I feel in someways we are all fledglings at any stage of life-or death. I am still a fledgling, not quite able to soar. Every stage of life requires the fearlessness of spirit to take flight. There are days I just don’t have it. I can no longer look to a nest for support, my mother hovering by. How many times in these two months have I thought, “Oh, I’ll call Mom.” But I can’t.  My children will always be my fledging babies. I stand back and watch them heading into the winds of the different stages of life. I am happy that they seem to be stronger and can fly higher than I could ever dream.

Mother child mother child mother child-the generations become one-one continuous cycle of life and love, of giving love and yearning for love. A mother’s love, no matter what form, bird or human, is an incarnation of the life force-love.

.

Fledgling-Transcendence of a Mother’s love

 
 

Robin


Silent spring mourning,
 
Blind, bare, broken winged fledgling,                                
Dying flutter tears.                                                                                                          
                                                                    
 
 
 

Haiku and Loku Days-It Is Always the Stroke of Midnight

© Jo Hewitt THE TEAL MANGO, 2013

New Year’s Eve has come and gone. Many people made many resolutions to better themselves for the coming year. Why wait for the end of one year and the beginning of the next, especially since the western year is so arbitrarily positioned. Why not use the Asian New Year, or the beginning of a new season-a solstice or an equinox, or the dawn of each new day or each and every beat of your heart and breath you take?

I used to tell people my days were numbered. And as the aghast look of sorrow and pity would appear on their faces, I would say: “There is the first day of the month, the second day of the month, the third day of the month and so on. Just check any calendar!”  But none of us knows which is the circled red-letter day of which month of which year that on which will come the call to move on, call it quits in this realm.

“…Bring thyself to account each day…”    Each day?-Maybe with each heart beat, with each breath. With each breath live a new day. Decide who and what you want to be. Make the resolution for and at that moment, the one you are holding in your hand. Make it now, for that is all we have. Don’t wait for the next New Year’s Eve.

It Is Always the Stroke of Midnight

New year, a new day
New heartbeat, each, a chance, 
Resolution, change.
 
 

ganges-at-dawn-art-nomad-sandra-hansen

Ganges at Dawn by Sandra Hansen

Snowball Bush -prelude to “The Gypsy Graveyard”

© Jo Hewitt THE TEAL MANGO, 2010
May Snowballs by Kim Stenberg

May Snowballs by Kim Stenberg

When the snowball bush blooms, you know it is the end of spring. It is fascinating that when your arms are sweaty, when the iron rail up the steps is too hot to touch, when the boundary between the outdoors and indoors becomes a fine wire mesh of house flies on a banging screen door, that there are ready made snowballs, yours for the picking, by the gas tank under the bathroom window.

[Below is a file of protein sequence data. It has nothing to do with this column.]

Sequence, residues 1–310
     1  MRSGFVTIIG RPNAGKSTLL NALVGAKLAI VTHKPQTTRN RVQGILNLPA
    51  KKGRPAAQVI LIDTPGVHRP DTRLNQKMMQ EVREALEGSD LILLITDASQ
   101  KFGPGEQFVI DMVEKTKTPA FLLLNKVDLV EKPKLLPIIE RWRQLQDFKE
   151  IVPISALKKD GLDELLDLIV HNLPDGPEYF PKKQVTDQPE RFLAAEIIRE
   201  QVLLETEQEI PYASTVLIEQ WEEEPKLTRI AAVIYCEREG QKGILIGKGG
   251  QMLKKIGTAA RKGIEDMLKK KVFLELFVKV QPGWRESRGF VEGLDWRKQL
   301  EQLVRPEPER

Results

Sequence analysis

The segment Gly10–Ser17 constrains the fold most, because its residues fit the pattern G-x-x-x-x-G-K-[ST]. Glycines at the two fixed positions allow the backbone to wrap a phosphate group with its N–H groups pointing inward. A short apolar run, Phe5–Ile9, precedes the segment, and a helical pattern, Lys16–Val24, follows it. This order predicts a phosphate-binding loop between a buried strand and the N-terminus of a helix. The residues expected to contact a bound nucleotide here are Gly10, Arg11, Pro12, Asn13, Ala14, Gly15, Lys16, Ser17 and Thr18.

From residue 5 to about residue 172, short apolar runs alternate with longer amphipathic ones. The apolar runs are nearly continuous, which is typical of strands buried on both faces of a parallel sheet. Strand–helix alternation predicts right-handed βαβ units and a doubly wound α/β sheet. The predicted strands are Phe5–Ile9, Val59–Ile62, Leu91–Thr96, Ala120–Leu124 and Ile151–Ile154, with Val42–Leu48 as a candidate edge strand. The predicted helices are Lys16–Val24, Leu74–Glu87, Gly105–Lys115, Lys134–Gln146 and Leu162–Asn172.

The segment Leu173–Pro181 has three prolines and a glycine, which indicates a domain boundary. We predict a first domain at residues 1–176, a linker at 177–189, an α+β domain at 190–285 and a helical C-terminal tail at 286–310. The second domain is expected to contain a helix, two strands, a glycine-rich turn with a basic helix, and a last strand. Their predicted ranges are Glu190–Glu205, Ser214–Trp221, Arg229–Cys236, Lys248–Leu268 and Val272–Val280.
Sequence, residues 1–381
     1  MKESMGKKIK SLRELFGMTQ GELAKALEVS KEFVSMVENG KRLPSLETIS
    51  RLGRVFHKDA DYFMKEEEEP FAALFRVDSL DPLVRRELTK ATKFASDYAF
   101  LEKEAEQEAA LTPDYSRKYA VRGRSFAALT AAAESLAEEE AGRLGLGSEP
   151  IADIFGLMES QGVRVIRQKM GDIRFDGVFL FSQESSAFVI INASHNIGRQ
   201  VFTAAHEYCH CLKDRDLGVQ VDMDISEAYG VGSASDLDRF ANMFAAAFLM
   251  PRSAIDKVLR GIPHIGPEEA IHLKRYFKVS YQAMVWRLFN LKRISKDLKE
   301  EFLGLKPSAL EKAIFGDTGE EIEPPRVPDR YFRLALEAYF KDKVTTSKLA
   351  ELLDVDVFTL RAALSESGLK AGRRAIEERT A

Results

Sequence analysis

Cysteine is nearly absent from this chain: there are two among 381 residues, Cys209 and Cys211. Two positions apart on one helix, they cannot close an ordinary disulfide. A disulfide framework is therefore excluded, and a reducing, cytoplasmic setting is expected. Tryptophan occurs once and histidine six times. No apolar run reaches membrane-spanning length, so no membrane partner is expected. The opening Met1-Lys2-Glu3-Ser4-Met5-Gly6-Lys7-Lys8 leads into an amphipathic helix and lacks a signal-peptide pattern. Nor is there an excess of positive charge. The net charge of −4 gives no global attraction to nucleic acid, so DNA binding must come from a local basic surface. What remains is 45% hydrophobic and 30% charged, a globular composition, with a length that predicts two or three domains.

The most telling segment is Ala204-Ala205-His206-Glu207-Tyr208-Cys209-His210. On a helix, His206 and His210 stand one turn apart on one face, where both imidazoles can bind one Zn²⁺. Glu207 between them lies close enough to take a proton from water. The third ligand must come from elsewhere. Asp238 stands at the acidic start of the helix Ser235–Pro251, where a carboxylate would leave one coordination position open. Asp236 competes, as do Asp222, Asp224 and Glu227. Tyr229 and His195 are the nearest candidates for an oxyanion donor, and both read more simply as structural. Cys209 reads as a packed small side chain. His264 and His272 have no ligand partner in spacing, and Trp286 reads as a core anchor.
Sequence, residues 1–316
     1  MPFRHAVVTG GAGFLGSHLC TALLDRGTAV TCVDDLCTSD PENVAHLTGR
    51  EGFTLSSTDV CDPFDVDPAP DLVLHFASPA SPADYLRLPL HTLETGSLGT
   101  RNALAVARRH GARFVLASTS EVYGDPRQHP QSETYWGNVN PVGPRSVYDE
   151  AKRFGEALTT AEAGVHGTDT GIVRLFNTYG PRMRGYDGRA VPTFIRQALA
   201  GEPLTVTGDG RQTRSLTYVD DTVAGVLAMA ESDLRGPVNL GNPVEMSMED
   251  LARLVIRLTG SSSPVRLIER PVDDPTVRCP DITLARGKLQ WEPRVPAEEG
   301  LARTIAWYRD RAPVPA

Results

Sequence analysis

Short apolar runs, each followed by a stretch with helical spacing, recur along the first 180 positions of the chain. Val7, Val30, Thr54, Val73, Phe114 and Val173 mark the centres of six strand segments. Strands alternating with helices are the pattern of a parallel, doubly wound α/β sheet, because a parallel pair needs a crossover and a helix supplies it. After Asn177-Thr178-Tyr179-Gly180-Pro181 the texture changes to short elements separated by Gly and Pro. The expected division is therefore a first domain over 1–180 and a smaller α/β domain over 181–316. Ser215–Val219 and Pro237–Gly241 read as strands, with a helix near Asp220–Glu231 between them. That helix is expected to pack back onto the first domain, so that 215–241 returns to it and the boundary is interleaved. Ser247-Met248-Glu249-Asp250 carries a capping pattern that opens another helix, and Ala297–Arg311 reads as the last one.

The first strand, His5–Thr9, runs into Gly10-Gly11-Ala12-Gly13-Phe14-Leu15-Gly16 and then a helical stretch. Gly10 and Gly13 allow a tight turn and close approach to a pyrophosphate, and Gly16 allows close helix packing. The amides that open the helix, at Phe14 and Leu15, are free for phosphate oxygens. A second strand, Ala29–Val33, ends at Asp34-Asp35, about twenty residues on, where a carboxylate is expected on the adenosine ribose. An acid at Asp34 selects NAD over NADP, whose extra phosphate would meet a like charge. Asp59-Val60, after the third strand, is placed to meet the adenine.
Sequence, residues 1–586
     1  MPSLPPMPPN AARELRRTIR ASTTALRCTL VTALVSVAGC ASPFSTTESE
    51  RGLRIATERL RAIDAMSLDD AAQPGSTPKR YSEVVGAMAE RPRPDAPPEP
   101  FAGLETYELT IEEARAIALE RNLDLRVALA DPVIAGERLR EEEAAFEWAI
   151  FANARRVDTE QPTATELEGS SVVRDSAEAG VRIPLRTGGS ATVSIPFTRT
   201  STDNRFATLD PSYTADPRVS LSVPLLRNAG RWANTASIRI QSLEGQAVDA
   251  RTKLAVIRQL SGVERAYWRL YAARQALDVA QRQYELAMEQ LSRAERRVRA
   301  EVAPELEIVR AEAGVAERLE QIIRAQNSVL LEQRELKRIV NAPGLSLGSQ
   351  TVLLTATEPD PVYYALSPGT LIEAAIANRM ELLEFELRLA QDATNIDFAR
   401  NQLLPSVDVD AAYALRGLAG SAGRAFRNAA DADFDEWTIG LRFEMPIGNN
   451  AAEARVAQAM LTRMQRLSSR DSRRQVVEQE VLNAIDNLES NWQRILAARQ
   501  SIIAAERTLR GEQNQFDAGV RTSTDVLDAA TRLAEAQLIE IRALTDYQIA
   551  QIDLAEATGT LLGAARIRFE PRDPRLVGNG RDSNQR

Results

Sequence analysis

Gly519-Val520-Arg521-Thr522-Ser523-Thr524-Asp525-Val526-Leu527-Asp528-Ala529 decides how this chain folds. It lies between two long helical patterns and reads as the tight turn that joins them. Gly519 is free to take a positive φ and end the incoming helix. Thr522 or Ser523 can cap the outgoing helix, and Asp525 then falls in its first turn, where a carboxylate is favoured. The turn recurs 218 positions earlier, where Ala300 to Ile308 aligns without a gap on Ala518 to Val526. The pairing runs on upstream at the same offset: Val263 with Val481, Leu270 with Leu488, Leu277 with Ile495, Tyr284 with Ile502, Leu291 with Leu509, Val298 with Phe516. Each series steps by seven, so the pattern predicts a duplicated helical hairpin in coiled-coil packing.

That tank used to scare me. It looked like a big white ghost creature in the moonlight. And sometimes there was a little hissing noise coming from it. Maybe at night it did come alive. What if it came into the bathroom window and waited for me in the dark. Bathrooms are scary at night. Well, every thing can be scary at night, but especially bathrooms, and dark stairways, and the thought that maybe you waited too long and you would wet your pants and in the morning the yelling and screaming would start. But bathrooms are scary on a hot summer day, too. I always heard about how gas could explode when it was hot or near a flame. And the house would burn down and people would die. I figured sitting on the commode, all exposed like that would be a really bad time for the gas to go. That’ s what I would think of when I was six.

Spring is a happy time for me. But the snowball bush is blooming, it’ s getting hot. I’m not six any more, I’m ten. And it is not spring anymore, it has ended and it is getting hot. And the words around the house are hot. Snowballs in summer are an illusion.The security of home is an illusion. The towels from the bathroom, the plates from the kitchen, a few family pictures are boxed and hidden away, the way stifled words in the night are hidden.

The snowball bush is blooming and spring has ended. And other things have ended. I’m in a car, driving to I don’ t know where. I get sick in cars. It doesn’ t matter how much I crack the window, it can’ t quell the heat of summer and the hotness of the words that my mom and dad now have packed away, buried deep inside them.

I look down at the snowball in bloom that I picked, the last ghostly remnant of my old life, already wilted in my hand. I turn my head toward the window and lean into the glass, watch the farms and the fence posts along the road. Maybe I can fall asleep. Maybe I am already asleep. I listen for the hissing of the gas tank, hoping to awaken. All I hear is the motor of our car, its vibrations pushing me into the box of sleep.